THE HOUSE OF COMMONS.
THE House of Commons appears to be realizing in part at least that division of labour which was anticipated some time ago, in supposing that it might relegate its debates to a Committee and conduct its voting separately. It evidently considers the two things as totally distinct operations. On Monday evening it was the duty of the House to hear the arguments for and against the twenty-second clause of the Loan Bill, which set aside one million sterling a year during peace for the extinction of the present loan. The clause called upon the House, -preferentially, on the arrival of peace, to pay off Sir Cornewall Lewis's debt before'any other debts of the nation. Now there exist four main grounds for rejecting such an arrangement, as a palpable absurdity : in the first place, there is no reason for the distinction ; in the second place, the present House has no authority to bind any future House ; in the third place, similar experiments have been tried and have failed; and finally, there was an immense preponderance of ability against the motion, without any distinction of party. It cannot be said that a list comprising *Sir Fitzroy Kelly, Mr. Gladstone, Mr. Labouchere, Mr. Henley, Mr. Ricardo, Mr. Disraeli, Mr. John Macgregor, and Mr. Cardwell, gives us the representa- tives of any exclusive party or class. The only speakers that came to the aid of Government were Mr. Thomas Baring and Mr. Glyn. The ability that the House of Commons can bring to debates upon such subjects was arrayed against the clause ; but when it came to voting the proportions were reversed. Lord Palmerston said, "he was determined to take the sense of the House upon it"; and the House voted the clause by 210 to 111—about two to one. There never was an instance in which the jocose expression of "taking the nonsense of the House" was more accurate ; and the nonsense, of course, can always overbalance the sense when it comes to mere numerical voting. The levity of this House is becoming serious—something worse than a heavy lightness. It may be said that private Members only fulfilled their duty in supporting the Government ; but private Members have effectually cut themselves off from using that plea. The present House of Commons has been distinguished for not supporting the Government, when any novelty or bauble could be advanced to divert it. If it has shown any kind of independ- ence or vigour, it has been in refusing support to Government. When Lord Aberdeen's Ministry undertook the responsibilities of war, certainly with the support of public opinion out of doors, what was the treatment which that Government received from the House ? Although no solid grounds were established for mistrust, the course taken by the House amounted to a perpetual withhold- ing of confidence ; it was a constant playing into the hands of any party on any side that could get up a plan of annoyance. Mr. Roebuck's motion for a Committee to inquire into the state of the army before Sebastopol was supported by some private Members on its merits, by others as an attack on the late Cabinet : the same class of Members now confess that they find no difference between the late Government and the present ; and without the combina- tion of both classes, we should not have had that majority that voted the inquiry. Thus the inquiry into Sebastopol is a windfall which we get through the Anti-Ministerial caprices of the House of Commons, provoked and aided by Members who afterwards con- fessed that they had no grounds for overturning one Cabinet to set up another. The House suddenly let Lord John Russell fly off upon his erratic course alone, only to look after him subsequently with the more zest ; and there are whispered signs that he may return to his place with a renewed popularity for the hour, and better chances of taking the Premiership if he set about it. Per- haps one reason is that no man more distinctly represents the way- wardness and incalculable caprices of the " honourable " class than Lord John. We have had other representatives who have been called the Member for Ireland, the Member for Exeter Hall, or the Member for some great cumulative constituency not recognized by the Parliamentary Companion. Lord John might be called "the Member for the House of Commons." While Lord John, how- ever, was under a cloud, the House fixed upon Lord Palmerston; sent him into office, and established him there—it would seem only for the purpose of harassing him at every turn, in a state of affairs abroad essentially difficult, embarrassing, and anxious. It is not the first time that popular bodies have usurped the functions of the executive. We have had a Long Parliament in England, they have had a Directory in France, and a First Con- gress in America ; but, much as we may differ with the acts or policy of those assemblies, we confess that they had at least some distinct purpose, and clul carry out some great measures. They appointed the instruments that defeated a King and brought him to the block, carried on a war against powerful enemies, and elite- blished a Republic. It took years to undo even a part of what two of those bodies had accomplished, and a great part remains to the present day in all three countries. We have seen in our own time a Parliament called into existence, and carry on the discussion and oontrol over public affairs with a consistency and sagacity that compete with our own beat time: but it is not in Great Britain that we find that model Parliament—it is in the little Italian state of Sardinia.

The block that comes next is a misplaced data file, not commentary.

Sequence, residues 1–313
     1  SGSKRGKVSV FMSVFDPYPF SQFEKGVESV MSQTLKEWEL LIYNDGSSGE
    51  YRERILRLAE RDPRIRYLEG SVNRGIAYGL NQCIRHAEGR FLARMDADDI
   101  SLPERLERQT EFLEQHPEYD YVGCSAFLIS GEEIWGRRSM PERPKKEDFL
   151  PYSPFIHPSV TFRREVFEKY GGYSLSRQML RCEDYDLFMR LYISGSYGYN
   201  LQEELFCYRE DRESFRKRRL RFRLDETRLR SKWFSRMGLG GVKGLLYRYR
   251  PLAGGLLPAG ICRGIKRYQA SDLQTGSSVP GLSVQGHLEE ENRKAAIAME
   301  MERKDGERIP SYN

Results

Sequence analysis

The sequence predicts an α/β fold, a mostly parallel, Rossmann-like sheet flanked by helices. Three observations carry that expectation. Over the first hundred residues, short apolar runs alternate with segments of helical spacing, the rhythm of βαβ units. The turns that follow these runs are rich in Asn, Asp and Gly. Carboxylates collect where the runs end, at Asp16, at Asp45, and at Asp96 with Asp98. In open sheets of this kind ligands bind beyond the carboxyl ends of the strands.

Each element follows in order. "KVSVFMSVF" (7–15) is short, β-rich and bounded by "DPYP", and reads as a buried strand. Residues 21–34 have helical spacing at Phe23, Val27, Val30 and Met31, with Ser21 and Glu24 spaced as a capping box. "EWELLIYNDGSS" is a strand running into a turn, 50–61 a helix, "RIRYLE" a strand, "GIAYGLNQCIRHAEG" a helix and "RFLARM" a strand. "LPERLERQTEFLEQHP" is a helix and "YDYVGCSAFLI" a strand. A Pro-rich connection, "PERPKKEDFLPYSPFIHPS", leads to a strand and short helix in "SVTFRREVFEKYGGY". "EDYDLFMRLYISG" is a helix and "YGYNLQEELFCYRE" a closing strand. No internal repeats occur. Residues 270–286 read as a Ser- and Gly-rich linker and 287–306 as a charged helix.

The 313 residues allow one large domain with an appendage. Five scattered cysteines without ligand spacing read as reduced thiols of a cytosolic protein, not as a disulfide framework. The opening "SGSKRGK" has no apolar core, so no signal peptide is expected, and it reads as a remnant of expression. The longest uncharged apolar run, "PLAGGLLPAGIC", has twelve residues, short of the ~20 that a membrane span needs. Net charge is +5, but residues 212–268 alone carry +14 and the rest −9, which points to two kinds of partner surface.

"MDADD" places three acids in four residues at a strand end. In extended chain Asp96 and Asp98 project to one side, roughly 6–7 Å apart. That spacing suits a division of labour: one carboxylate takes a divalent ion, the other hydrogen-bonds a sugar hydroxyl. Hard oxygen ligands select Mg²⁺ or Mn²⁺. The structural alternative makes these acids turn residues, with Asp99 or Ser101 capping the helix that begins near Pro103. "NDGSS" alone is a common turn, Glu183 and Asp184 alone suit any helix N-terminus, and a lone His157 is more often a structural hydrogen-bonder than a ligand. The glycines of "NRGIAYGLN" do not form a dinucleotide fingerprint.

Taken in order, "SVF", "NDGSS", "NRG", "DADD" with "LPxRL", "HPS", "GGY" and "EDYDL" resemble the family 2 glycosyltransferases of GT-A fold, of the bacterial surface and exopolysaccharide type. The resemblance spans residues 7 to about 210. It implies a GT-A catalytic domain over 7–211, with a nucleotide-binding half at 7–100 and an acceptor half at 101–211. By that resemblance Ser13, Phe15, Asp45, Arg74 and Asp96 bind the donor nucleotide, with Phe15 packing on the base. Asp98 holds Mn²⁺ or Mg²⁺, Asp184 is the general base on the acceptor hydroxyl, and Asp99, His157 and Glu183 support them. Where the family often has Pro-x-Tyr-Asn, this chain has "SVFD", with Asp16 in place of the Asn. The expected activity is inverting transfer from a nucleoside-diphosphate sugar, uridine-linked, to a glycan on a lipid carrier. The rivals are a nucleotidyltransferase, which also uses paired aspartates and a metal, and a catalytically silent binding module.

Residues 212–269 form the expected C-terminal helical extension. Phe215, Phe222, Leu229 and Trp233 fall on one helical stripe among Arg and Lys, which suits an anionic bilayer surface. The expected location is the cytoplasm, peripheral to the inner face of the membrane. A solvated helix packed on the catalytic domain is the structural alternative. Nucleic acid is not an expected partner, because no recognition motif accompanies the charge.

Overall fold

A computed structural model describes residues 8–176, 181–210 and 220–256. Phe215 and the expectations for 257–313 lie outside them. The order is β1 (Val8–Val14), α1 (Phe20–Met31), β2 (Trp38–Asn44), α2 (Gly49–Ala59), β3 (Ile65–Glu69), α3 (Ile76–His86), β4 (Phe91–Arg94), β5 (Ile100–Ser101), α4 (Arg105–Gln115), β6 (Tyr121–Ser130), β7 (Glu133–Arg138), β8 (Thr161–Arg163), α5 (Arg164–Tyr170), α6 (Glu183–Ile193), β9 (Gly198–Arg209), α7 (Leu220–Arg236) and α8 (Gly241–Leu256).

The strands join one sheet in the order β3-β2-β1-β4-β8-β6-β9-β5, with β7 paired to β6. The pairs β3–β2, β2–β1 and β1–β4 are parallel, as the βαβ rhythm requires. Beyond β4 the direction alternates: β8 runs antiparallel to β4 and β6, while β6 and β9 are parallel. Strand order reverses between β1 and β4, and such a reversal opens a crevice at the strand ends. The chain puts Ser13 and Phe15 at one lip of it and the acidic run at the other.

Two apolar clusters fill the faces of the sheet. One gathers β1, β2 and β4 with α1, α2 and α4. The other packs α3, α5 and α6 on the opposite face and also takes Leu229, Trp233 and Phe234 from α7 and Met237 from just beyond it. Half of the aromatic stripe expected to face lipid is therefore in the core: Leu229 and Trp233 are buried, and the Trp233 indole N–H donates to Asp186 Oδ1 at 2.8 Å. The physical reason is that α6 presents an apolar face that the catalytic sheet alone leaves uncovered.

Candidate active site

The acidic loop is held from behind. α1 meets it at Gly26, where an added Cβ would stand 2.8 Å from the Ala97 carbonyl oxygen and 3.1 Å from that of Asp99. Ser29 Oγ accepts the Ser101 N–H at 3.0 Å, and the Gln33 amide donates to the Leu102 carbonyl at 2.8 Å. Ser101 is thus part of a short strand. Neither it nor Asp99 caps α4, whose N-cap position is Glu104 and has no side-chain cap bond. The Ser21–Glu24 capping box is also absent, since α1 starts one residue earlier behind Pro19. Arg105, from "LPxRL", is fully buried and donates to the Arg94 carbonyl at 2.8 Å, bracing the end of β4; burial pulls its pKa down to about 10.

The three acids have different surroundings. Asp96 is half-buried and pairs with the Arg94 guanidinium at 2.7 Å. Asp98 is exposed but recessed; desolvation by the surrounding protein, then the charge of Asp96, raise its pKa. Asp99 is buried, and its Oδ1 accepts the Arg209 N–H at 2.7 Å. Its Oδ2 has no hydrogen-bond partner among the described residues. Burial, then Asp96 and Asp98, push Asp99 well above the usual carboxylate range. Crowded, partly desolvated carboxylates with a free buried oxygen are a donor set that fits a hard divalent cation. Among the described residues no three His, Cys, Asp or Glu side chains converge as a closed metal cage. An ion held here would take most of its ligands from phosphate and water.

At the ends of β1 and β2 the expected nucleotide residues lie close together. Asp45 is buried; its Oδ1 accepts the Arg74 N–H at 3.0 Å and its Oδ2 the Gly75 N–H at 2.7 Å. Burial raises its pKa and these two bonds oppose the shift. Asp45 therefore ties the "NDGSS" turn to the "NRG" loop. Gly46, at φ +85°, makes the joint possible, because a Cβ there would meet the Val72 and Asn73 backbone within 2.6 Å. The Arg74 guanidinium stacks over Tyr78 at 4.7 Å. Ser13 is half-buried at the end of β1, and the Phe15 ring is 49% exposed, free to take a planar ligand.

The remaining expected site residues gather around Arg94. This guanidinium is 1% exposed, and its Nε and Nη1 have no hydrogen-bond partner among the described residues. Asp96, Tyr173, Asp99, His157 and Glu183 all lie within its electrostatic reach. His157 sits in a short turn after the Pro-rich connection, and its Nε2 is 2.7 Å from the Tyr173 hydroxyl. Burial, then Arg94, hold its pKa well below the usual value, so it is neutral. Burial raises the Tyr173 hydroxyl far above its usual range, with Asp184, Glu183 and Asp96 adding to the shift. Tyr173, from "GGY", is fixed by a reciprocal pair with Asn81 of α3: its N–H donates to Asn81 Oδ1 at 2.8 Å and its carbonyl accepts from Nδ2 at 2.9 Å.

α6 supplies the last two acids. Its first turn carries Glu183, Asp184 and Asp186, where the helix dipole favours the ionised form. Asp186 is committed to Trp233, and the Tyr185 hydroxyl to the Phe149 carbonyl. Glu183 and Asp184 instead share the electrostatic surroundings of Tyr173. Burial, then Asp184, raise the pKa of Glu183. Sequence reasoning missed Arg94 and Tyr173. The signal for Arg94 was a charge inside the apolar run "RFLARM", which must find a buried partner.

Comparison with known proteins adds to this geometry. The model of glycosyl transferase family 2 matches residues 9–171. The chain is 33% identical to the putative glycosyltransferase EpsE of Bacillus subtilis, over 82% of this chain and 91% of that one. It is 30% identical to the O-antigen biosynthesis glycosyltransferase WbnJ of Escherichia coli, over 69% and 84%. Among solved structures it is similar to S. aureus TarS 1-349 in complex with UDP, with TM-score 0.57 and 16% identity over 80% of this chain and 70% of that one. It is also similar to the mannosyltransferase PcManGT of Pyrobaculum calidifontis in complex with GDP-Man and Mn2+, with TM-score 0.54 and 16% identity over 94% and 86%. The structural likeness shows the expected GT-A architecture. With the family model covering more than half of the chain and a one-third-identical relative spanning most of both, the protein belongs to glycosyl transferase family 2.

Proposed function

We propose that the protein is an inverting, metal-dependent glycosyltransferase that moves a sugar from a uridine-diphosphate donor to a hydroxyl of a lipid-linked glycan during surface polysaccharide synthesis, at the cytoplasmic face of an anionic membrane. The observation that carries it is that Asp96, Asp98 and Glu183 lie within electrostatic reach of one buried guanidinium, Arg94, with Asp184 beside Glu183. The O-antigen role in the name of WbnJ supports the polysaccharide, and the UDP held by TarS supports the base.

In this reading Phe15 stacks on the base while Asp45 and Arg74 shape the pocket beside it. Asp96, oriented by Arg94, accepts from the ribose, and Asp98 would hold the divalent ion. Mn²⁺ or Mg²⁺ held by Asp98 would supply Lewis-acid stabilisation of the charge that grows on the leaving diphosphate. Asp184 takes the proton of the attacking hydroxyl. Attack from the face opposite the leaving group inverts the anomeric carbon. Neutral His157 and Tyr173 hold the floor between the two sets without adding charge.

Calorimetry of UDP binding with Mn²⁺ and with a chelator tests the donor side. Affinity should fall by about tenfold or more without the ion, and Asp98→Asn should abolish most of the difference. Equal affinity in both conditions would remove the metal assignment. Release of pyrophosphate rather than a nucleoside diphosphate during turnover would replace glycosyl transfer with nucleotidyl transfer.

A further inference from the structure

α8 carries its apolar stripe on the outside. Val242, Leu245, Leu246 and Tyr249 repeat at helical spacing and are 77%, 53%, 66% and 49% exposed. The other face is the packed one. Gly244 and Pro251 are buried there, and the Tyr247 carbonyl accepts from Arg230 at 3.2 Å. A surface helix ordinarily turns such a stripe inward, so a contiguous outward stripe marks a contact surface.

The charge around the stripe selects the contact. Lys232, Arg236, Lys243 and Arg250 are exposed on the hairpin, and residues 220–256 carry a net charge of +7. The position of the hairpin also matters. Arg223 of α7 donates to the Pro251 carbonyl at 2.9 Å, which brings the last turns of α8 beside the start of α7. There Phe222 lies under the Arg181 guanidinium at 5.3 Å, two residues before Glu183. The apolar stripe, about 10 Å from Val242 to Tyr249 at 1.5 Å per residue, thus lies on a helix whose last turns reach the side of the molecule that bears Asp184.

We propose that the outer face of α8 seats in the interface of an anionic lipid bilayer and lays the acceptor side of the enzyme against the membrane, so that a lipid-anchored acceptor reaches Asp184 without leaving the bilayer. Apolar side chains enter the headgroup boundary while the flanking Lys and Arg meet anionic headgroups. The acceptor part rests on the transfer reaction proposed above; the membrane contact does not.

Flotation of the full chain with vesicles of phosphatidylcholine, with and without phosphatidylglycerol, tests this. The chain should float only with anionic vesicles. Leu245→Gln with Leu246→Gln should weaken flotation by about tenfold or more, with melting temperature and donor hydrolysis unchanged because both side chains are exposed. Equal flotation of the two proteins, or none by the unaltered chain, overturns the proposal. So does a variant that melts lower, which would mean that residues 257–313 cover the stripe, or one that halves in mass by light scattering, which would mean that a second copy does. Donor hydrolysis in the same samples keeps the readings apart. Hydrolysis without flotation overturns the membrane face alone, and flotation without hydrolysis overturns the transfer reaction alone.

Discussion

Our own Parliament, the elected of the nation, sits at the com- mand of any idler that can get up a scene in the House of Com- mons. It witnessed Mr. Disraeli rise to inquire into the most important proceedings abroad, and Lord John Russell rise to reply, equally with a laugh. It laughs at the idea of imposing fresh taxes laughs at the siege of Sebastopol. Some philosopher once said that laughter is the special characteristic of the human race ; but this was a mistake. There are laughing birds, hyenas laugh, apes grin, and honourable Members do both. The difference is, that animals and wits exercise their eachinnations upon natural ob- jects; whereas the representatives of our constituencies, the con- trollers of the Executive and the custodiers of our taxes, laugh at the idea of grave diplomatic proceedings, of Ministerial crises, of sieges, loss and bloodshed to our men abroad, and at waste of re- sources. There is only one thing which the House of Commons does consistently, and which it forbids to every other private person out of the House of Commons—that is, to put itself "in contempt"; and we never knew a session more sedulously devoted to that pur- suit than the present session by the present House of Commons. The House of Commons does not come into existence unper- ceived—it has an origin : "like father, like child," and from the House we may judge of the constituencies. A representative as- sembly may be justified in enforcing a national control upon the executive, upon occasion sufficient : the present occasion is as- suredly sufficient, our Commons show no indisposition to interfere, and they will venture so far as to be troublesome ; but when the Premier puts a bold front upon it, the House gives way as the royal lion cowers before his showman. We do not forget that it is a class Parliament; if we thought that it represented the entire country, we might regard our position as not only perilous but hopeless.